Smaller than its sister convention, San Diego Comic Con, it is a celebration of comic books, art, popular culture, and film. This year’s big events include the Disney panels for upcoming summer blockbusters Prince of Persia and The Sorcerer’s Apprentice, as well as the much-anticipated Kick-Ass panel (released April 16th in the USA), plenty of content from IDW Publishers, and much more.
Day 1 was a short day for me. Taking a leisurely stroll towards the registration desks at around 2pm, the first stop was:
Disney’s Art of Princess and the Frog Panel
You may think: this film has been out for a long time already, what else could they have to show?
The panel comprised of a number of distinguished Disney animators, including the film’s co-directors, John Musker and John Clements; man of a thousand voices and director of Pocahontas, Eric Goldberg; visual effects supervisor Marlon West, and veteran Disney colourist Ian Gooding.
The idea for The Princess and the Frog was conceived some years ago, as an adaptation of fairy tale book The Frog Prince. Disney and Pixar studios worked independently on versions of the film, none of which were completed. When John Lasseter took over as Creative Head for Disney, he enlisted Musker and Clements to look over the material and create a whole new Princess and the Frog film.
Lasseter’s stipulated that, though previous versions were set in Chicago, the film was to take place in 1920s New Orleans.
John Musker and Ron Clements talked us through a series of photographs from their numerous research trip to New Orleans, introducing us to the locals who inspired key characters including Ray the firefly, Mama Odie, and Princess to-be Tiana. They also discussed the process of styling the characters and developing the tone and style to reflect the setting of New Orleans. Eric Goldberg drew for us, demonstrating how he developed Louis the alligator and how his research of alligators allowed him to add style and detail to the character to make him less human and more reptilian.
They also screened a couple of scenes in crude animation, which is simple yet fascinating to watch. The Blu-Ray version of the film will include the option to watch the entire film in this fashion. Marlon West showed exactly what his special effects supervision adds to the film, and Ian Gooding finished up by talking us through his choices of colour and everything that each element of this bright film represents.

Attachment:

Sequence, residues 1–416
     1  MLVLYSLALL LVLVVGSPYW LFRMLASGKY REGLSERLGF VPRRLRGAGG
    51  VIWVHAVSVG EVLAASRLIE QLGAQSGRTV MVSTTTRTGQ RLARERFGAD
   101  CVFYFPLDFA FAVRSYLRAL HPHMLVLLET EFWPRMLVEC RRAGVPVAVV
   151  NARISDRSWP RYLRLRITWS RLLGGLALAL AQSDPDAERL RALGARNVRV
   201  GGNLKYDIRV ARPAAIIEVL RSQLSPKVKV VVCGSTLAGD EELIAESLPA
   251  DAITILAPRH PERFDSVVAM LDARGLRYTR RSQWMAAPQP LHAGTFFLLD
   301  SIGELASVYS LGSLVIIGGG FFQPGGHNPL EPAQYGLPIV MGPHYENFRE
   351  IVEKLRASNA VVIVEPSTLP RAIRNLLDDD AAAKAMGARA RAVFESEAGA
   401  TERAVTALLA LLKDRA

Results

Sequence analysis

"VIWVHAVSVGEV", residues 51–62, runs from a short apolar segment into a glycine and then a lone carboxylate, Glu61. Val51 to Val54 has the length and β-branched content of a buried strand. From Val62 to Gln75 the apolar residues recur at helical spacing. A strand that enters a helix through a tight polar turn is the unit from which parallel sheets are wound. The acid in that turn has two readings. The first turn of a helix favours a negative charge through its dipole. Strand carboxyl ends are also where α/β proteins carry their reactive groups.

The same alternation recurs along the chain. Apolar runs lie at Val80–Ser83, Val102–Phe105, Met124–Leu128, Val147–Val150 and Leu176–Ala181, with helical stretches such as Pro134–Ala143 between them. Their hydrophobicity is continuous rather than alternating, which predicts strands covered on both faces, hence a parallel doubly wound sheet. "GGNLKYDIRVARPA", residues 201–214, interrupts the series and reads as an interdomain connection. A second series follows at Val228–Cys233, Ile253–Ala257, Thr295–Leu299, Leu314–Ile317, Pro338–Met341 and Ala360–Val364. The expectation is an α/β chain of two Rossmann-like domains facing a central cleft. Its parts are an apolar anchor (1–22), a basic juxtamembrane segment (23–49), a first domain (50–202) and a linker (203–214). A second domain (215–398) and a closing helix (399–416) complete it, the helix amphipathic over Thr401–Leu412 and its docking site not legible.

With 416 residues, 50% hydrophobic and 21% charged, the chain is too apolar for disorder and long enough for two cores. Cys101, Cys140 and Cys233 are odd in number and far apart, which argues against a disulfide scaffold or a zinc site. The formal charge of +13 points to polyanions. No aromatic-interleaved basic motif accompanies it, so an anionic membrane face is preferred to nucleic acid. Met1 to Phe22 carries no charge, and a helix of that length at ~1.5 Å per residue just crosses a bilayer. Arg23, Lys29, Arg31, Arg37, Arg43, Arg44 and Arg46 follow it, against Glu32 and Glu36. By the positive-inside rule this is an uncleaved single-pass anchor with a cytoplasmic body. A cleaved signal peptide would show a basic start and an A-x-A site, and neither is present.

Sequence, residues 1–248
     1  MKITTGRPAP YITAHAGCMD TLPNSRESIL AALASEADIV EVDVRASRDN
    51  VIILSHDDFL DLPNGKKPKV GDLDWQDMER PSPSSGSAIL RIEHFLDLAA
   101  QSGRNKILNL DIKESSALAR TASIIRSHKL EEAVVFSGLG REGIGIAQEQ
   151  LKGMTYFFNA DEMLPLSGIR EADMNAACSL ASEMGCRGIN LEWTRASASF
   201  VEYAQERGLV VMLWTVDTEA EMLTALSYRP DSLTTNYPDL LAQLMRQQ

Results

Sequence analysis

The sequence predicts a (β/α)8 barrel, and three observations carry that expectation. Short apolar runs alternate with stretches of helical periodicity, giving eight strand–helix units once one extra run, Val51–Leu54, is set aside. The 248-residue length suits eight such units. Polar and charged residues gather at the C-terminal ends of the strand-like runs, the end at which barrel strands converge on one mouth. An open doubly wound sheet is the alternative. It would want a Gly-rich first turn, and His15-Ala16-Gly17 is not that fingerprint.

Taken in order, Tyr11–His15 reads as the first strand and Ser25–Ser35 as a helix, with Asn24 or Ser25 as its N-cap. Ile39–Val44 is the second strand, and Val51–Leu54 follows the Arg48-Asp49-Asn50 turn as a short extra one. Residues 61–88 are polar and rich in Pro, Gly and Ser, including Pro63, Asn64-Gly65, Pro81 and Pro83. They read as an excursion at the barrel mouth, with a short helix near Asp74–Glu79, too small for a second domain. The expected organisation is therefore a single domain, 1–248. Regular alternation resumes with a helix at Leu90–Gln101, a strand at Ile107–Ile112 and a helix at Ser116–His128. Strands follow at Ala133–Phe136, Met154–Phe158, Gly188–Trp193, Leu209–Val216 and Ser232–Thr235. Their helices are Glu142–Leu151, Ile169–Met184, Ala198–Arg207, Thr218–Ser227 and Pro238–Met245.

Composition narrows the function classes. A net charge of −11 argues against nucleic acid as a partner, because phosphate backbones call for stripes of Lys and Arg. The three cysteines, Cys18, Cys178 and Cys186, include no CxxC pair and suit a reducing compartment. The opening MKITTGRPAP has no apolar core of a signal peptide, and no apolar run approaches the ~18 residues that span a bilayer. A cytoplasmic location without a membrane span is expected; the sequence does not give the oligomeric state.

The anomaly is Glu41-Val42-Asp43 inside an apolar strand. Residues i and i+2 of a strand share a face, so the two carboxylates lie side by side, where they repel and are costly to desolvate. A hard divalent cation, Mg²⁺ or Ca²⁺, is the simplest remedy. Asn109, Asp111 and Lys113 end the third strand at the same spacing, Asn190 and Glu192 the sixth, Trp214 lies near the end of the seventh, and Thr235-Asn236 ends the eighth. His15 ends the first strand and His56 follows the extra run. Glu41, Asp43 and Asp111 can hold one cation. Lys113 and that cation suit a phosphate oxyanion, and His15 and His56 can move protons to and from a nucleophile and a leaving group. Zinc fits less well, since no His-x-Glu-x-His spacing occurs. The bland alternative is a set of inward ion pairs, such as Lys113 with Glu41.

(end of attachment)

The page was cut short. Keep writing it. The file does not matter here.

As is always the case for Disney panels at this type of convention, it was well-structured and fascinating to watch, adding a deeper understanding to an already brilliant and sure to be classic film.
Nickelodeon Animation Studios Panel
This one was a bit of a disappointment. Nickelodeon’s animation model involves optioning stories and characters from popular CG-animated films. Recent examples include the penguins from Madagascar and Kung-Fu Panda, both originally from Dreamworks Pictures. The emphasis of the panel was on the ways that they streamline production in order to make shows quickly, efficiently, and – above all – on a tight budget.
Perhaps I’m spoiled after having attended so many well-structured and engaging Disney and Pixar panels, but the Nickelodeon guys are as new to conventions as they are to animating CG television shows in 3D, rather than traditionally animated 2D cartoons. Unfortunately, their talk on adapting and remaking shows with known characters from film was not tailored to its audience’s level of understanding.
After a half-hour delay, Kevin Smith graced the stage of WonderCon’s Esplanade Ballroom to a near-full audience. A veteran of Comic Con International, Smith has been attending San Diego Comic Con and San Francisco Wonder Con for over 10 years. His panels continue to be popular, with fans in the front row whom he claims to recognise. The “panel” – if you can call it that – is a maxi Q&A session wherein Smith ostensibly digresses and relays detailed accounts of his sexual escapades and other TMI-related incidents.
Despite the adult, often TMI content, his ability to work a stage is impressive. His primary interest is in conversing with his fans and opening a dialogue on certain issues. Interestingly, he did not take back his harsh words about critics, but did admit that his tirade was a product of disapointment and anger.
Not my sense of humour, but definitely a worthwhile panel visit every ‘Con season.
Day 1 rounded off with a Last Man Standing Star Wars trivia contest.